4. In grounds 1, 2, 3, 4, 7 and 8 in a coalesced form the appellant has faulted the trial court for convicting him on evidence that did not prove the offence beyond reasonable doubt; since the age and penetration were not proved. In this regard, I.S. (her initials) (PW 1) was allowed to give sworn evidence following a successful a voire dire examination. She testified that she was born in July 2000. The recalled evidence of Pw 2, who is his father (name withheld) was that IS. was born in 2000. The evidence of the clinical officer namely Elias Adoka (Pw 5) was that he examined IS. in respect of her injuries and age. His report was not put in evidence, since the original P3 form was not in court, when Pw 5 testified. Pw 5 was not thereafter recalled to produce the said report. Even in the absence of the medical report I find that the age of IS. was proved by her father. Her age was 14 years old at the time the offence was committed. It was therefore not open to the trial court to take judicial notice that since IS. was in class seven she was a minor. This was a misdirection but has been cured by the evidence of the father of IS.
5. Furthermore, as regards penetration there is the evidence of I.S. (Pw 1), who testified that on 21st March 2014 at night she went out of their house in answer to a call of nature. In the course of doing so, the appellant who was her neighbour got hold of her and took her to his house and forcefully had sex with her. I.S. continued to testify that on the same night the appellant put her on his motor cycle. He then took her to his sister called D at Chwele. IS. stayed in the house of Doreen for two months. The appellant left and went away. Thereafter, the appellant left and went away. IS. continued to live in that house. She could not go far from that compound, but she used to go to the shop. The appellant returned and took her to Kiminini to a house, which the appellant had rented; where they lived for one week. The appellant used to have sex with her. He did not allow IS. to go to her home.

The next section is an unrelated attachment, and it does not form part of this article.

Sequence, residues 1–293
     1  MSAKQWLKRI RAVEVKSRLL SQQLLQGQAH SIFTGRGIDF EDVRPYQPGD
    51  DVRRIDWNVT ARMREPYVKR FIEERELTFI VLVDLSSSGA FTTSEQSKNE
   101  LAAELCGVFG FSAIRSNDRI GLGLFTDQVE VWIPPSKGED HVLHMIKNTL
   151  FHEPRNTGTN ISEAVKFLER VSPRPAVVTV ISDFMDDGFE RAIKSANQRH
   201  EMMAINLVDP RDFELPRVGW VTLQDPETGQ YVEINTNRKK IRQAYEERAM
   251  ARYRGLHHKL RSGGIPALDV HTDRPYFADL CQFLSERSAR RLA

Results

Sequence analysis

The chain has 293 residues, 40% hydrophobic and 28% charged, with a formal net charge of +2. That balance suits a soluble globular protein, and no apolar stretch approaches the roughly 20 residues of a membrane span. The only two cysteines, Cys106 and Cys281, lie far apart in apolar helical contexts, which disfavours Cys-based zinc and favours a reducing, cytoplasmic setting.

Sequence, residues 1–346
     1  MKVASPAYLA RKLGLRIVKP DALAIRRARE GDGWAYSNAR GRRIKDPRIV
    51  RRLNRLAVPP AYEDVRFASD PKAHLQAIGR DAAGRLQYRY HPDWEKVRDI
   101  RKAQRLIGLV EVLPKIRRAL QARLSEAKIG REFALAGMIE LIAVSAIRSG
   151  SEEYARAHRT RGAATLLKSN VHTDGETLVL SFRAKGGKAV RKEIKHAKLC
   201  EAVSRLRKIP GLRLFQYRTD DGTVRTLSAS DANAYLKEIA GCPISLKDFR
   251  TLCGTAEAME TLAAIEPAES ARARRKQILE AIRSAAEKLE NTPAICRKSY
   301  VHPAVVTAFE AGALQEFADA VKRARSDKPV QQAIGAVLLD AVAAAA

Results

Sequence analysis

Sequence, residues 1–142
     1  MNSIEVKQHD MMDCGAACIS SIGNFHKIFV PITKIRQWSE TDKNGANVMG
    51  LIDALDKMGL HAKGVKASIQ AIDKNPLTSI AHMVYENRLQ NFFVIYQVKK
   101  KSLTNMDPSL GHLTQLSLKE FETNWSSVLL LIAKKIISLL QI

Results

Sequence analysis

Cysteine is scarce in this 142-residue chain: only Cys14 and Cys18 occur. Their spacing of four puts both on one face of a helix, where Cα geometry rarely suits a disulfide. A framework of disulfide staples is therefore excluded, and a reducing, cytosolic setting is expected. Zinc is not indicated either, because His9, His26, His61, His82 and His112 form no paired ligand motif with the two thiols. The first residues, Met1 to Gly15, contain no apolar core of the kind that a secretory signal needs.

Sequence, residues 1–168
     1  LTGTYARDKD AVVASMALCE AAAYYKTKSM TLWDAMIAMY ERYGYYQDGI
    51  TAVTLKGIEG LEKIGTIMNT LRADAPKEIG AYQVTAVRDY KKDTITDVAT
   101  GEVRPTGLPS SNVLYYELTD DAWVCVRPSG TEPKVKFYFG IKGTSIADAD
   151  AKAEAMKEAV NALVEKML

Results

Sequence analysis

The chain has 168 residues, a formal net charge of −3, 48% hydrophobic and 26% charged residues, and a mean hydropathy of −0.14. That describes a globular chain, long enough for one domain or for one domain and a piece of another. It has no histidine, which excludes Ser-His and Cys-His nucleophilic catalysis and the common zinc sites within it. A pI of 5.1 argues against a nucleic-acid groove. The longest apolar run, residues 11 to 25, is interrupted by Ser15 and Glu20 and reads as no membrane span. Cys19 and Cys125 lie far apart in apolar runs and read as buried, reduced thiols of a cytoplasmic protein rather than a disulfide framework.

6. The evidence of Pw 3 corroborates that of IS. that the appellant had sexual intercourse with her.